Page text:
CDC study shows adults lack proper vaccinations

New data released by the Centers for Disease Control and Prevention shows that American adults lack proper vaccinations against preventable infectious illnesses.

At a news conference held on November 17 by the National Foundation for Infectious Diseases, experts in public health, infectious disease, oncology and other specialties urged adults and health care providers to improve vaccination rates. They also discussed the data and new findings as well as the consequences of adults remaining unvaccinated.

The study found that vaccination rate for tetanus among all racial groups from the ages of 19 to 64 is near 51 percent. For hepatitis, in the same age range, the percent vaccinated varies widely by race. Forty-three and 44 percent of caucasians and Hispanics are vaccinated, respectively, while only 37 percent of African-Americans are vaccinated.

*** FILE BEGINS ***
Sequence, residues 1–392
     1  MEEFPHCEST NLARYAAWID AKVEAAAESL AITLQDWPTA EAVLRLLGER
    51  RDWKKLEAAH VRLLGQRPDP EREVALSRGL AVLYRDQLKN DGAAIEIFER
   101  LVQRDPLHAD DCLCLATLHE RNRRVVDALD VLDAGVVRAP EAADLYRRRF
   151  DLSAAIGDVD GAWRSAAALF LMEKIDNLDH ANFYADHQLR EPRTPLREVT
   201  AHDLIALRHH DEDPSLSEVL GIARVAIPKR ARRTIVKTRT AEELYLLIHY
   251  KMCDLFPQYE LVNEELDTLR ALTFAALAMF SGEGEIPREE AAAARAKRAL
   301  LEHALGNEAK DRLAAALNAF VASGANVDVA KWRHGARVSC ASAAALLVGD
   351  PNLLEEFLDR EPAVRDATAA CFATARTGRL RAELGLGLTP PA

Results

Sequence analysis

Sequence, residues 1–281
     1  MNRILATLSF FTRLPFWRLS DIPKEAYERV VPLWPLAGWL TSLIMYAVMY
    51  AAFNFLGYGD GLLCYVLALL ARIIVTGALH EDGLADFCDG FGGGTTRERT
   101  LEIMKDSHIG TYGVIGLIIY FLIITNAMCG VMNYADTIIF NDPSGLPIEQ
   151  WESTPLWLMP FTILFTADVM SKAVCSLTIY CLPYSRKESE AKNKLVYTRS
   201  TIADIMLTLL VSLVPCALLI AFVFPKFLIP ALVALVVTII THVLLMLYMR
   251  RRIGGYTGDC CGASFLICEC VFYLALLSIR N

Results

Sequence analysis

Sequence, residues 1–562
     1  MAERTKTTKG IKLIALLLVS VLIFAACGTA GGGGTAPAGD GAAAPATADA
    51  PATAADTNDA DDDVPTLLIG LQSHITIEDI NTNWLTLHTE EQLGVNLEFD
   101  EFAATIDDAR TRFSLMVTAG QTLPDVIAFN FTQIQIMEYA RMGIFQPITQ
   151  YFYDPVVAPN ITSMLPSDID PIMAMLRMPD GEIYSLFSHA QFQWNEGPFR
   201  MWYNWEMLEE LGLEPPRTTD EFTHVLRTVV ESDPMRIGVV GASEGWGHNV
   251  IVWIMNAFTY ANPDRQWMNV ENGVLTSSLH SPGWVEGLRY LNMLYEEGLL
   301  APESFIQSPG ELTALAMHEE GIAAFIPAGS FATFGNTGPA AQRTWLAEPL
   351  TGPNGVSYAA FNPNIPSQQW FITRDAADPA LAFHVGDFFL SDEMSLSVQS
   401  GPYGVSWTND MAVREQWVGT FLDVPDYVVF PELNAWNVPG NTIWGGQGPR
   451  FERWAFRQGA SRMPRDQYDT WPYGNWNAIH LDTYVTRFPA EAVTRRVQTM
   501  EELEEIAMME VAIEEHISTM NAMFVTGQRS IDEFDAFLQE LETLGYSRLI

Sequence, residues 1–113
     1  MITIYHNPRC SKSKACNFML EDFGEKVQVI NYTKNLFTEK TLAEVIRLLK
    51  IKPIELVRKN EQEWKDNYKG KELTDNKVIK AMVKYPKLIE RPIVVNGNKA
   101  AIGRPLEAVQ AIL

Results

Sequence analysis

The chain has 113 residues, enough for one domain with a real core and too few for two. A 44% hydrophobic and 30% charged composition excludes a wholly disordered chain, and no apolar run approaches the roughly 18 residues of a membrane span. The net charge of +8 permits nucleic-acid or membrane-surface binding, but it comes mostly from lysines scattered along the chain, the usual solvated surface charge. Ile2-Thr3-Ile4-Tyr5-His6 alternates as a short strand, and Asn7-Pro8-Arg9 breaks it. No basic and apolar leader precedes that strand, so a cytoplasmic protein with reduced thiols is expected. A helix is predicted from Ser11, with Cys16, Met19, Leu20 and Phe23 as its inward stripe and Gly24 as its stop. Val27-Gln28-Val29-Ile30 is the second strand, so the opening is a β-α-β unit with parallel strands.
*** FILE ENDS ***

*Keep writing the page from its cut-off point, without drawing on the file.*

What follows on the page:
Influenza vaccination rates for those above the age of 50 also vary greatly by race, with caucasians between 50 and 64 vaccinated at a rate of 42 percent, Hispanics at 37 percent, and African-Americans at 31 percent.

Vaccinations among healthcare workers appear to be uniformly increasing, the study shows. Influenza vaccinations are up seven percent to 53 percent, hepatitis B vaccinations are up 2.5 percent to 65 percent and TDap rates are up 1.6 percent to 58 percent.

"For more than six decades, vaccines have protected us from infectious illnesses that have a wide range of consequences, from lost work days and inability to meet our daily obligations, to pain, discomfort, hospitalization, long-term disability and death," Susan J. Rehm, NFID's medical director, said.

Rehm stressed that by not getting vaccinations, people risked passing infections on to other people.